US Tightens Export Controls In Move Aimed At Huawei

The US has tightened its export regulations in a move to put further pressure on Huawei and affiliates such as HiSilicon, which the US administration views as a national security threat.

Huawei has been barred from purchasing technology from US companies since May 2019, but the US Commerce Department said it had it had continued to build chips by “commissioning their production in overseas foundries using US equipment”.

“We must amend our rules exploited by Huawei and HiSilicon and prevent US technologies from enabling malign activities contrary to US national security and foreign policy interests,” US commerce secretary Wilbur Ross on Friday.

The new restrictions affect semiconductor designs and chipsets produced in non-US plants using “US equipment”, Ross said.

US commerce secretary Wilbur Ross. Image credit: US government

Regulation shift

The Chinese government said in an official statement that it would “firmly uphold Chinese firms’ legitimate and legal rights and interests”.

Most chip manufacturers around the world use equipment made by US companies including KLA, Lam Research and Applied Materials, according to a 2019 report by China’s Everbright Securities.

The change in regulations means that those manufacturers will now have to apply for a licence from the US Commerce Department before selling to customers such as Huawei or HiSilicon.

The US said it would allow silicon wafers already in production to be shipped to Huawei, as long as the shipments are complete as of 120 days from Friday.  The wafers must have already been in production as of Friday to qualify under the exemption.

Previously, the US’ Direct Product Rule exempted foreign-produced goods from US export controls if the goods contained less than 25 percent US-origin technology.

The change effectively eliminates that exemption, instead allowing US regulators to place restrictions on goods produced with certain US technology, such as certain US-made chip manufacturing equipment.

‘Arbitrary and pernicious’

The move is a blow to contract semiconductor manufacturers such as Taiwan’s TSMC, which makes chips for Huawei’s HiSilicon chip unit as well as Apple, Qualcomm and others.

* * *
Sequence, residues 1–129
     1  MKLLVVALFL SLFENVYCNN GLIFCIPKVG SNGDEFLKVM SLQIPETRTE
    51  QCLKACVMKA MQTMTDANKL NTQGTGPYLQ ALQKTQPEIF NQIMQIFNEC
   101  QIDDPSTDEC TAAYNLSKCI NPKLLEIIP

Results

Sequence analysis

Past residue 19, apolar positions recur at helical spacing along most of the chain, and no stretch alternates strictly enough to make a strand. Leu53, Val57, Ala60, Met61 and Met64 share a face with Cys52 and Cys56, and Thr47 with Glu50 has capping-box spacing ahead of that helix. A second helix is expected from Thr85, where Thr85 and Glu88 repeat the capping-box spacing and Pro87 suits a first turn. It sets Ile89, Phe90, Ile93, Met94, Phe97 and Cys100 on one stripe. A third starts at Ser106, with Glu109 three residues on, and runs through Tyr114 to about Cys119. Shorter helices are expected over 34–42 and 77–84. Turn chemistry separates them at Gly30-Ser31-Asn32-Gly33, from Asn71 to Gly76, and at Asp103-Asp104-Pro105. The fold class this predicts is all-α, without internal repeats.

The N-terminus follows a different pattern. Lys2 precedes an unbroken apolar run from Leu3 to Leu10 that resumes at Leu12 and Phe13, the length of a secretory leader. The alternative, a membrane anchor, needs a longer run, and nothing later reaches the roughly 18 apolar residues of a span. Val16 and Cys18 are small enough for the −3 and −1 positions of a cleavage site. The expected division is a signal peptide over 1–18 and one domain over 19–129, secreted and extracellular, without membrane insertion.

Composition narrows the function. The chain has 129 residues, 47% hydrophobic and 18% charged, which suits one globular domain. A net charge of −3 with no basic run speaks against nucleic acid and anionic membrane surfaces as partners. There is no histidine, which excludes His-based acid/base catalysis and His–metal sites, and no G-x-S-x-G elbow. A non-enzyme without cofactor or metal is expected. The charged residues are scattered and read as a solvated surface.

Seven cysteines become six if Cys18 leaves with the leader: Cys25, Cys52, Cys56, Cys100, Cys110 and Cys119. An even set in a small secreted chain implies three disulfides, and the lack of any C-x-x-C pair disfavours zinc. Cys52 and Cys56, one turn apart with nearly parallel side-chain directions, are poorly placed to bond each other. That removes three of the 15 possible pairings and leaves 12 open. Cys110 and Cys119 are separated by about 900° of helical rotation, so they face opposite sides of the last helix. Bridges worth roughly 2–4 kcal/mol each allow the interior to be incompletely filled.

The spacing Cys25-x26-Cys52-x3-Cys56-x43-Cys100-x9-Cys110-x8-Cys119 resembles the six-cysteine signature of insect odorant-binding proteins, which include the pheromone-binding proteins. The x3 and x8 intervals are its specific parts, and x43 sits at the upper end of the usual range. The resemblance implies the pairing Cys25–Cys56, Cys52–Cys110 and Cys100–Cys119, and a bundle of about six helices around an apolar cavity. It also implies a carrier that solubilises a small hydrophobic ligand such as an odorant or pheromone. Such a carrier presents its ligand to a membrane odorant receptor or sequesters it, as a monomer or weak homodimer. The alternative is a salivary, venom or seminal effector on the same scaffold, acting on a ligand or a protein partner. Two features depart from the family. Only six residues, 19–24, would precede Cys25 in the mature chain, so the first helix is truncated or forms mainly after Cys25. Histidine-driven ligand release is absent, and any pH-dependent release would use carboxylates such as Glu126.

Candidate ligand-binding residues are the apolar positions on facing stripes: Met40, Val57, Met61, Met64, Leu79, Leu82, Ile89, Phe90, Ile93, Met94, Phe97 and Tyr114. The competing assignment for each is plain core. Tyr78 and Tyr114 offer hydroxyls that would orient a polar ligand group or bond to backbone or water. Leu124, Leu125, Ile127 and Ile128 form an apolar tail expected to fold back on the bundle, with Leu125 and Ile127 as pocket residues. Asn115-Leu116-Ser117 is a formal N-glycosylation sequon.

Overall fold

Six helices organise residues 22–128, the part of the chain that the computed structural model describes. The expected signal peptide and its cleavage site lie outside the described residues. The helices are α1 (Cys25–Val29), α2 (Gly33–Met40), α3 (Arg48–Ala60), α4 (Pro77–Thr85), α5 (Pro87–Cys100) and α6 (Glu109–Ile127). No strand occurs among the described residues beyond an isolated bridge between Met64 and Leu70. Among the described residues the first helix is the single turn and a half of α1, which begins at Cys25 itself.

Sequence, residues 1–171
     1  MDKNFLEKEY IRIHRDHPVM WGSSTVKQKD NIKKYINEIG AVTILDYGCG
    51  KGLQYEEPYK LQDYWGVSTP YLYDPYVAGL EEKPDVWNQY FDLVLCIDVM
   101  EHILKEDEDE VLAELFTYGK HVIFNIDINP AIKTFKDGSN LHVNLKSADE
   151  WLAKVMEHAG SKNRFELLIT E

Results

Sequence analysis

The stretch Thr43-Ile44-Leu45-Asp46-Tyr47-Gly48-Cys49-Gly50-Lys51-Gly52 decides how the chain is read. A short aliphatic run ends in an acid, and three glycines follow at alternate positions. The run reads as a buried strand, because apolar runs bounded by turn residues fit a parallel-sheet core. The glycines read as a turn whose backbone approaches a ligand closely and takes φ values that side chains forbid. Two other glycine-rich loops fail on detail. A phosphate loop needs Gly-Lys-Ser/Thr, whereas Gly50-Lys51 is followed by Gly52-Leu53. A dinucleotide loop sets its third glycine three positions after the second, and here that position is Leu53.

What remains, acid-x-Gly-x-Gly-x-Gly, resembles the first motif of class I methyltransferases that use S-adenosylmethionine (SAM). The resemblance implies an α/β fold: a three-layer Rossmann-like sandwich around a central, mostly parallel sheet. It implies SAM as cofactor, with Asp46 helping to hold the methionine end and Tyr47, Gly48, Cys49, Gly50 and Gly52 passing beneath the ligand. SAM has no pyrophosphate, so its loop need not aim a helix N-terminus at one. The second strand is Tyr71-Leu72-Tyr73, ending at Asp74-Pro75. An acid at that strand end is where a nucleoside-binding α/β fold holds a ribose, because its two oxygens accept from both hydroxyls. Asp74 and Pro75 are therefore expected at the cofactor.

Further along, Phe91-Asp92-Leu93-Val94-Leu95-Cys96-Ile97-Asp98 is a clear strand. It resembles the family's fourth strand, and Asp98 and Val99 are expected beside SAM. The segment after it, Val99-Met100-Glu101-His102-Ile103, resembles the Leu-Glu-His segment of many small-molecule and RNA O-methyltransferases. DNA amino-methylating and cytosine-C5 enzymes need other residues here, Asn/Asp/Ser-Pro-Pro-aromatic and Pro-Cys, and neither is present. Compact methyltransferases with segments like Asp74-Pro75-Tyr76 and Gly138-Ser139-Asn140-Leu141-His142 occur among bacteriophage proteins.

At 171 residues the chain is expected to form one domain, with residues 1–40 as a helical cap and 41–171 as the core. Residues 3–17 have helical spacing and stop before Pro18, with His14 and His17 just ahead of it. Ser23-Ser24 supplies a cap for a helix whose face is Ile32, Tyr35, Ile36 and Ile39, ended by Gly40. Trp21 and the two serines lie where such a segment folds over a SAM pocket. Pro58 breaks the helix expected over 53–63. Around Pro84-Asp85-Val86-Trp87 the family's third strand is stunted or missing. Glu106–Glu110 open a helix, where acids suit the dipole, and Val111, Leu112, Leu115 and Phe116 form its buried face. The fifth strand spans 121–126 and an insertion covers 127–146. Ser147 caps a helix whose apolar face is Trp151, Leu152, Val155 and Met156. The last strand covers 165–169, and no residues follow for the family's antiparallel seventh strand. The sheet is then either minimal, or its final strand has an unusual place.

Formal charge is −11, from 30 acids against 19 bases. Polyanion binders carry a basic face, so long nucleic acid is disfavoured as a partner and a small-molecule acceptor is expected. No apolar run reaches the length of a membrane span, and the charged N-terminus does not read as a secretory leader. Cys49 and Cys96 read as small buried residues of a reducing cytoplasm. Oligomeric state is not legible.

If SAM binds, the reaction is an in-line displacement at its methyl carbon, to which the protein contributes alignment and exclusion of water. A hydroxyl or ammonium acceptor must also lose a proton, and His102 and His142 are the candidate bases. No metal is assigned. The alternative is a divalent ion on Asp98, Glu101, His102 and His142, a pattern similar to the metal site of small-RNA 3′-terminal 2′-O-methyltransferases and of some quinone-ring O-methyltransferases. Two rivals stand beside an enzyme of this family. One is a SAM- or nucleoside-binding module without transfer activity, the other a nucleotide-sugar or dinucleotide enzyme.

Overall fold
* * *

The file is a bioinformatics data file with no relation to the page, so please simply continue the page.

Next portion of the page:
Nikkei reported on Monday that TSMC halted new orders from Huawei following the rule change in order to comply with US export regulations.  TSMC did not explicitly deny the report but told Reuters it was “purely market rumour”.

Huawei said the US’ decision was “arbitrary and pernicious” and threatens to undermine the broader semiconductor industry.

“This new rule will impact the expansion, maintenance, and continuous operations of networks worth hundreds of billions of dollars that we have rolled out in more than 170 countries,” the company said in a statement.

Supply chain

The US has placed Huawei and 114 of its affiliates under export restrictions, but until now large parts of Huawei’s non-US supply chain have fallen outside of the regulations.

The move may invite relatiation from China, with the country ready to put US companies such as Apple, Cisco Systems and Qualcomm on its “unreliable entities list”, as well as suspending purchases of Boeing aeroplanes, China’s Global Times reported, citing a source.

Separately, the Commerce Department extended a temporary licence, set to expire on Friday, that allows US companies to continue temporarily doing business with Huawei through 13 August.  The agency said it expects this to be the final extension.

Some rural US telecommunications networks rely on Huawei equipment, and the temporary exemption, which has been in place since Huawei was placed on the US “entity list” in May 2019, was intended to allow these companies to find alternatives.

The US has also placed allies under pressure to bar Huawei equipment from their 5G wireless networks, saying the Chinese-made gear would present national security issues.

Matthew Broersma

Matt Broersma is a long standing tech freelance, who has worked for Ziff-Davis, ZDnet and other leading publications

Recent Posts

Signal Shows Data Collection Adverts Facebook Rejected

Signal has had user-targetted adverts on Instagram blocked, as messaging service attempts to highlight Facebook…

5 hours ago

Oversight Board Upholds Trump’s Facebook Suspension

Bad news for Donald. Facebook's 'Supreme Court' upholds suspension of Donald Trump account, but asks…

7 hours ago

US Presses TSMC For More Chips For Car Makers

Global silicon shortage continues, as US Commerce Department presses Taiwanese chipmakers to ease the supply…

7 hours ago

Starlink Signs Up 500,000 Pre-Orders For Satellite Internet

Elon Musk space venture SpaceX has already signed 500,000 customers on pre-order for its Starlink…

10 hours ago

Apple Vs Epic Games Court Battle Continues

Second day of courtroom showdown in the US reveals Epic Games management would have accepted…

12 hours ago

Trump Launches ‘Communications’ Website

Banned from social media for instigating US Capitol riot, Trump launches 'straight from the desk'…

13 hours ago